Friday, September 17, 2010

Every summer I pray for the students that will be mine in August.

I learned the hard way that spending a summer in prayer was sometimes all that stood between me and a complete nervous break down sometime the following school year.

And I'm not just kidding.

Early on in my career I mostly prayed for immunity to the various stomach viruses especially the throw up ones.
(My vomit phobia is still alive and kicking by the way but that's a whole 'nother story.)
I prayed for sweet children and patience.
I prayed for patience a lot. Big mistake.
I prayed that the parents would be nice to me and that I would be able to get it all done....the plans, the documentation, the!

I was all business. I took lots of pride in quiet, straight lines, an organized, well run classroom, lesson plans done weeks (again, not just kidding) in advance and a calm, quiet classroom.

I became known as a strict disciplinarian.  And I was.  I can bark orders with the best of them and I'm pretty sure that I can levitate a kid with the 'teacher glare' I've perfected over the years.

Many times, I fell for the line ALL principals use.
(Y'all know you do it to us. Smile.)
You know...the one that begins with...I don't think anyone else can handle this kid and ends with you somehow volunteering for that one kid whose frightening reputation has preceeded them.

Anyway....somewhere along the way I changed. 

I found that I liked the challange of looking for that one little way to connect with a kid. That one thing that would make a difference. I liked civilizing them.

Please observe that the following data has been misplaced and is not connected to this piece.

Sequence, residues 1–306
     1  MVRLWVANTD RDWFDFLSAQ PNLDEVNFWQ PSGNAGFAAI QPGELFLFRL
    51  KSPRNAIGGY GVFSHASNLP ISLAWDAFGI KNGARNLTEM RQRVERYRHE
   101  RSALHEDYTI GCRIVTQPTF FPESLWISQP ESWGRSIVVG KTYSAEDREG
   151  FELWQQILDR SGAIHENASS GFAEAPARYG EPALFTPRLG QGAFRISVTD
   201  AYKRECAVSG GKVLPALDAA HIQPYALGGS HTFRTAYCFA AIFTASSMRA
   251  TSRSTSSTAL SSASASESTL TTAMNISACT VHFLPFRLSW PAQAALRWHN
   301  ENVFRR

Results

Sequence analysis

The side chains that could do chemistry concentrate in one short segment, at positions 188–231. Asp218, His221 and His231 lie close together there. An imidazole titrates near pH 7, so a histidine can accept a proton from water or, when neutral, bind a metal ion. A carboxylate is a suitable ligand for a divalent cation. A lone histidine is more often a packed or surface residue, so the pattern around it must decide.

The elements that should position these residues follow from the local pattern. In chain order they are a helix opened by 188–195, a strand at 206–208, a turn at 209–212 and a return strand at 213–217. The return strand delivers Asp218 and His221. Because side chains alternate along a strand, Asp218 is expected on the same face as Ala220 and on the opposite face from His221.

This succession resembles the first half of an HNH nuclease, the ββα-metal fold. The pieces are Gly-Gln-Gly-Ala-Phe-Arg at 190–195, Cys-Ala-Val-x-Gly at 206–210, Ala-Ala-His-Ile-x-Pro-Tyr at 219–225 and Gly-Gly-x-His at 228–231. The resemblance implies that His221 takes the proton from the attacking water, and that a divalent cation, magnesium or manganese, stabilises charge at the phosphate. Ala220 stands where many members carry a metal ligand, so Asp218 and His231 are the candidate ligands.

I still pray for immunity to the stomach viruses-especially the throw up ones-but that's about all that remains from those first several years. I never, ever ask for patience anymore. That's just asking for trouble.

Now I mostly ask for kids that make me laugh.  I have learned to relax and enjoy five year olds and after 25+ years I'm still not sick of them. I have found that a belly laugh goes a long way towards turning a bad day into a good one.

Learning to relax and enjoy them was the key to surviving this long in the classroom.

I love, love, love the quirky ones and the ones who have no filter.  I love the ones who leave us wondering what in the world is going on in their heads.  They are all a little like puzzles.  You have to line up all the edges and then fill them in with lots of little pieces of knowledge. Sometimes everything fits together easily but more often than not the pieces must be coaxed together.  

The longer I teach the more I love it. I wish I could spend more time teaching them what they really need to know and less time pushing and rushing them to grow up faster than they should. That, my friends, is also another story.

Anyway, this was my long version of a disclaimer that while I find my students infinitely entertaining I really do attempt teach them something.

Hopefully, if I can't manage to teach them their ABCs they do leave my classroom knowing that I love them and that they matter to me.

That said, this is one of the funniest classes I have ever had.

So when I post about the funny things they do and say,
just know...
the laughter
they bring me
is an
to prayer.

Just sayin'.................

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